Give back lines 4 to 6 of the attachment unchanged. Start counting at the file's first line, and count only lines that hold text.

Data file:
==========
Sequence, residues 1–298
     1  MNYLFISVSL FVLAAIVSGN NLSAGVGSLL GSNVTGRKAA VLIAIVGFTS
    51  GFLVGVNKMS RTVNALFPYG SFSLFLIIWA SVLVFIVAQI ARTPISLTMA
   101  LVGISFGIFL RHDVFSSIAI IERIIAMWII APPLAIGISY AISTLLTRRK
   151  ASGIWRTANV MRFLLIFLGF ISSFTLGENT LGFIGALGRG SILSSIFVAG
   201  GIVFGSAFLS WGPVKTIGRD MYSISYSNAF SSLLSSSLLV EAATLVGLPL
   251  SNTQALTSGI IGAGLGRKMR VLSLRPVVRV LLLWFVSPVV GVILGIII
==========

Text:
   101  LVGISFGIFL RHDVFSSIAI IERIIAMWII APPLAIGISY AISTLLTRRK
   151  ASGIWRTANV MRFLLIFLGF ISSFTLGENT LGFIGALGRG SILSSIFVAG
   201  GIVFGSAFLS WGPVKTIGRD MYSISYSNAF SSLLSSSLLV EAATLVGLPL